Backdraft through Flue


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Old 11-01-10, 02:21 AM
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Backdraft through Flue

I have a wood burning fireplace upstairs and a Furnace/AC unit downstairs. The flue pipe is part of the upstairs fireplace chimney. When I have a fire going in the fireplace I seem to be getting smoke coming in to the basement next to the furnace. The only thing I can figure is that its coming from that flue pipe. The outlet for the fireplace the flue are both side by side and about the same height. Please tell me there is something I can do to stop the smoke from coming into the basement. I tried putting a kitchen towel around the flue pipe to keep the smoke out but it doesn't do any good. If there is anything I can do please let me know. Thanks.
 
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Old 11-01-10, 05:36 AM
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The actual term is cross-drafting. Cold air is sinking down your furnace pipe and carrying your wood stove's exhaust. And I would bet when your furnace is running but you have no fire you have the reverse.

There are codes that dictate the height of a chimney in relation to nearby objects such as roof-lines, or in your case another chimney.

The proper solution is to either relocate or raise. The easiest solution will be to raise your wood stove chimney several feet depending on how close the two chimneys are. Your local codes office can likely tell you how much.
 
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Old 11-01-10, 10:19 AM
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Thank you for the response. The flue for the furnace and the exit for the fireplace are in the same chimney. I don't see a way where I can raise one and not the other. Thank you.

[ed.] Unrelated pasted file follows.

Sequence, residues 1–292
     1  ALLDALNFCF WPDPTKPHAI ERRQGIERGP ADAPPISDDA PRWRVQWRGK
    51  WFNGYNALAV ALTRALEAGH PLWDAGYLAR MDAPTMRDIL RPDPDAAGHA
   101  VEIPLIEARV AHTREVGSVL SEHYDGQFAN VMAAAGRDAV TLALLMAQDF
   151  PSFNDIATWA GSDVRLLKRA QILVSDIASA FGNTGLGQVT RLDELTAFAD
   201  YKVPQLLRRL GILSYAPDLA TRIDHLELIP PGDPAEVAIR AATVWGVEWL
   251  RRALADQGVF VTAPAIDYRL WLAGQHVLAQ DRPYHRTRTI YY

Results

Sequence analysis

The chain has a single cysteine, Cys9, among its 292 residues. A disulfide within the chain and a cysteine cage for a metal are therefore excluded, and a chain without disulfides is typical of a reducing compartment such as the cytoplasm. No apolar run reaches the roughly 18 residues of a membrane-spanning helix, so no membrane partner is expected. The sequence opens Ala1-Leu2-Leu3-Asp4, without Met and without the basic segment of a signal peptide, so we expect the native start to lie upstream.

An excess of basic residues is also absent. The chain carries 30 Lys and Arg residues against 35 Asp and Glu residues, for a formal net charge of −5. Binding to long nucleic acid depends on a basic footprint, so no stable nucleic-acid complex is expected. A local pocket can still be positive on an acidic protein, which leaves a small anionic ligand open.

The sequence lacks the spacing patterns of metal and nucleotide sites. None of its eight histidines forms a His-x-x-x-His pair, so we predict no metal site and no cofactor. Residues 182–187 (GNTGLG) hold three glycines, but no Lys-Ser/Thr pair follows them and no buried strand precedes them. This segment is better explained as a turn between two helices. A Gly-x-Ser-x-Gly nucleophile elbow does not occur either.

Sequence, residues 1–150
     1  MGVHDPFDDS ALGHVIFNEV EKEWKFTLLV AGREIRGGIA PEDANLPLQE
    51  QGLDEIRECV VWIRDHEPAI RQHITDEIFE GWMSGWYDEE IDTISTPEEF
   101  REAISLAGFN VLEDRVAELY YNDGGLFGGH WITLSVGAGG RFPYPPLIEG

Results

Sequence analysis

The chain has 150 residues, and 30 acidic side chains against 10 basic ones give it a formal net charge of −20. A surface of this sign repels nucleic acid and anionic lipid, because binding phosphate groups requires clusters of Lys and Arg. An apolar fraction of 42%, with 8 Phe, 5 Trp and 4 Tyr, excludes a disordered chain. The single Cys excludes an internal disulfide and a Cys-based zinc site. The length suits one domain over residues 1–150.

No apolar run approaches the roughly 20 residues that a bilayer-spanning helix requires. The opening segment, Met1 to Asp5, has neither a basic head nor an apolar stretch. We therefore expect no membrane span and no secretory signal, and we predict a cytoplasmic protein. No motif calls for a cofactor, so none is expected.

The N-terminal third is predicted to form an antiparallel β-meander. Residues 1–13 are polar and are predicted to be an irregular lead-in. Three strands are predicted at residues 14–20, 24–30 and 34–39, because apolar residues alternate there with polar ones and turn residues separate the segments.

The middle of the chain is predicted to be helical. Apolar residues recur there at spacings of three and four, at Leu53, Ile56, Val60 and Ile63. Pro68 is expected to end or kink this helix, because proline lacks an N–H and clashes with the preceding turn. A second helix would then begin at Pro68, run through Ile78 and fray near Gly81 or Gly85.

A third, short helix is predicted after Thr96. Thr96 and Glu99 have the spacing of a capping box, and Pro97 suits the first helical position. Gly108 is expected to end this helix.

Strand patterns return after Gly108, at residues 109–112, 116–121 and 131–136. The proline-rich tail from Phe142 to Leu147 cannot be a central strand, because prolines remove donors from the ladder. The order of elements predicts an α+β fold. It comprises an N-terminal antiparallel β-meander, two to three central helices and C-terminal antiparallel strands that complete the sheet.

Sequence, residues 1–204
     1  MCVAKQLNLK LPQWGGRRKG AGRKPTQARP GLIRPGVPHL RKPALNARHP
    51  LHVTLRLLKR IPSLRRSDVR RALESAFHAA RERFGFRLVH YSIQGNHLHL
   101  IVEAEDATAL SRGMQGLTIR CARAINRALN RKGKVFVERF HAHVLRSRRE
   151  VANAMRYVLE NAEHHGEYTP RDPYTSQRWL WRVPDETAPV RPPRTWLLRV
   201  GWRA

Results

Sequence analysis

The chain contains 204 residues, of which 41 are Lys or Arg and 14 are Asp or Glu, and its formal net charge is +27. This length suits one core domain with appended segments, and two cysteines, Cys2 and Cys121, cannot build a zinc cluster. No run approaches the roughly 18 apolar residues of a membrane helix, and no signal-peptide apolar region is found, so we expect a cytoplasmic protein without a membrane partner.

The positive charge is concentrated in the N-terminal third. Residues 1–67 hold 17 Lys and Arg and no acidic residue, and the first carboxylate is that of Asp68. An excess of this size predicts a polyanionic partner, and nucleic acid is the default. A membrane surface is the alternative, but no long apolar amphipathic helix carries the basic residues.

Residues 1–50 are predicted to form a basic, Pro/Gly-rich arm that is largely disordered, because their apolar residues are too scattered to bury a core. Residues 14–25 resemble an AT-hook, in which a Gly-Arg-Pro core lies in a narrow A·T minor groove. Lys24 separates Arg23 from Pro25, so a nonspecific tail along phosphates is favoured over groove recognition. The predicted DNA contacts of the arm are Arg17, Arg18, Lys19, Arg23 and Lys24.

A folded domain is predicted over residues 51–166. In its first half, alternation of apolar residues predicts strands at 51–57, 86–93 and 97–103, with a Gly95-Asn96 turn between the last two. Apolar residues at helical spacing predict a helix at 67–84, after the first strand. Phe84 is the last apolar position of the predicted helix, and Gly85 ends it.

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Old 11-01-10, 10:22 AM
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Originally Posted by mystang89 View Post
Thank you for the response. The flue for the furnace and the exit for the fireplace are in the same chimney. I don't see a way where I can raise one and not the other. Thank you.
That is definitely a problem, and worse yet may not be to code. Some combustion devices are not allowed to share the same chimney. I would check with your local codes office to see.

If not to code, I would have it corrected at your leisure, instead of in a hurry like when you go to sell.
 
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Old 11-01-10, 10:31 AM
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Do you mean that both flues combine in the chimney and then go out the top together?
 
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Old 11-01-10, 05:49 PM
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"drooplug
Do you mean that both flues combine in the chimney and then go out the top together?"

Yes, both flues combine in the chimney and then go out separate holes in the same chimney. This house was build in the 1950's so I don't know what the code back then was. Seeing as how my room in now in the basement though I would like not to suffocate from smoke inhalation so I'm still looking for something to at least lesson the smoke.
 
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Old 11-01-10, 06:14 PM